When a person has a debilitating disease, dealing with that reality is enough to bear.
But, when there is a drug out there to limit the debilitation of that disease, and governmental decision-makers don’t provide patients with it, the fight about injustice becomes overbearing.
The denial for your access to that drug makes you more than annoyed: you feel exasperated and furious. As you keep fighting to get your hands on this medication, the scale of your emotion soon tips out at enraged. (We are human, after all.)
This scenario is bad enough when you are the patient, but when it’s your child, your battle for access to what will help your kid have a better life, becomes your impassioned mission.
Such is the case for Ayrin Armstrong, a Northern Ireland mother fighting for access to Orkambi, the ‘miracle drug’ to help lessen the life-limiting symptoms of cystic fibrosis (CF). Ayrin seeks that medication for her 10-year-old daughter, Zona. (BBC News/BBC)
BBC informs us that Zona was diagnosed with CF as a baby, has experienced lung infections as a direct result of her CF, and has spent long periods of time in the hospital.
BBC tells us that Zona spends an hour each morning wiith physiotherapy and nebulizer treatments to loosen and expel the accumulated lung mucus. She also takes ten pills a day as treatment for her condition.
Zona wants the drug so she can live longer.
Ayrin’s struggle to get Orkambi for Zona
Ayrin tells us she is "screaming and shouting for help" to access Orkambi, the life-changing drug for those with CF, but "no-one is listening”. (BBC)
According to BBC, Ayrin is frantic to get this drug for her daughter. Zona’s health status has worsened over the past year. Her lung function tests have decreased into the 80-percentile range. (As CF progresses, this decreased lung function gets worse). Ayrin says the family has talked about moving south if her lung function tests fall below 60%, so they can gain access to Orkambi.
CF has caused Zona to become very short of breath; she wants the Orkambi so she’ll be able to run again. (BBC)
More about Orkambi
Orkambi is a ‘combo-drug’ designed to work at the cellular level to ‘degrade’ the CF-caused mucus plugs in the lungs. It has proved to be highly efficient with increasing lung function, and in reducing lung infections and hospitalizations for those with CF. The medication also helps slow the progression of the genetic condition that damages lungs and shortens lives. (Cystic Fibrosis Foundation /CFF)
Orkambi is a combination drug, consisting of Lumacaftor and Ivacaftor. In tandem, they attack and resolve the main symptom of CF: the over-production of thick, sticky mucus. This ‘gunk’ compromises many organs, especially the lungs. (CFF)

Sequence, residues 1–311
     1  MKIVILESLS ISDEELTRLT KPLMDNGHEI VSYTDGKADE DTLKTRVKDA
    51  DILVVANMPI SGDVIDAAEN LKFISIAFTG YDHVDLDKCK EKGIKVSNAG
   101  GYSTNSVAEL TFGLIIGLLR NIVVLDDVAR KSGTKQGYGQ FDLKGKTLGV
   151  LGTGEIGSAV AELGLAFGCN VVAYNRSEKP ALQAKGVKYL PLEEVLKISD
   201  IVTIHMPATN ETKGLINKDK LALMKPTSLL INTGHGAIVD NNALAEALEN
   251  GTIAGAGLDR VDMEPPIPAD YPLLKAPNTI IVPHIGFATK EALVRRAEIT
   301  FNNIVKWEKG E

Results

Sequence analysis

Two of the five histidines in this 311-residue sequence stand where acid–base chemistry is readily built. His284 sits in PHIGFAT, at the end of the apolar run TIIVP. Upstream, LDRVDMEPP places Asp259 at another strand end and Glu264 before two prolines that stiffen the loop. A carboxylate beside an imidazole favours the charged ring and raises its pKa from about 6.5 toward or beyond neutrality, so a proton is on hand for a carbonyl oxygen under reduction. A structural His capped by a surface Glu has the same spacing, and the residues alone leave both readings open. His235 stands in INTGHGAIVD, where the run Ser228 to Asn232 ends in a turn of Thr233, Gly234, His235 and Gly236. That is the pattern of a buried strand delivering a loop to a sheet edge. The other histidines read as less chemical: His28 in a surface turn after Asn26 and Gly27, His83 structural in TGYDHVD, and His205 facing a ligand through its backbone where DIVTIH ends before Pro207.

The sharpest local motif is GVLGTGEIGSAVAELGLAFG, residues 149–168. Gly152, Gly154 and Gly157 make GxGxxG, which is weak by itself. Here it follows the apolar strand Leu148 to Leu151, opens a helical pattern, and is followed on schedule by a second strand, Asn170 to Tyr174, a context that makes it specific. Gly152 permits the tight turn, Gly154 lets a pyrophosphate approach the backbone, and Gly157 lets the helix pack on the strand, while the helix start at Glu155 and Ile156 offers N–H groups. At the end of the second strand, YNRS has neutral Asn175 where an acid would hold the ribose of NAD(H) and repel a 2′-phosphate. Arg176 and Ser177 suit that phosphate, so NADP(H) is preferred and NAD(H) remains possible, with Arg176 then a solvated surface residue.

In the paragraphs below, we learn from CFF exactly how Orkambi “works its magic” for those with CF:
Essentially, Orkambi is a blend of the drugs Lumacaftor and Ivacaftor. As a combo-drug, Orkambi reverses the CF mucus problems with a two-step approach.
First, the Lumacaftor component helps move the genetically defective CFTR protein to its proper place at the cell surface, where its function can be restored.
Ivacaftor then takes over, increasing the activity of that now-restored protein, and raises the flow of salt and fluids, which helps thin the thick mucus that builds up in the lungs of people with CF. (Reduced cellular flow of salt and fluids is at the heart of this genetic disease.)
FDA Approval of Orkambi
In the US, the FDA approved Orkambi in 2015, for use with those age 12 and older. It’s developed for the age-required people with CF, who have two copies of the mutated gene, F508del. In the U.S., that genetic factor is the cause of more than 50% of Americans with Cystic Fibrosis. (CFF)
In 2016, the FDA then approved a lower dosage of this medication for children aged 6-years through 11-years of age. The higher dosage previously approved for those aged 12-years and older remains the same. (Vertex)
Hurdles to Jump
According to BBC, there seems to be two great hurdles to jump so that Zona can be started on Orkambi: A waiver to approve the medication plus another one to approve its use by a ten-year-old child. Or, to convince the state to supply the lesser-dose version meant for those under 12-years of age. (The 12-year age limitation remains in effect in southern Ireland.)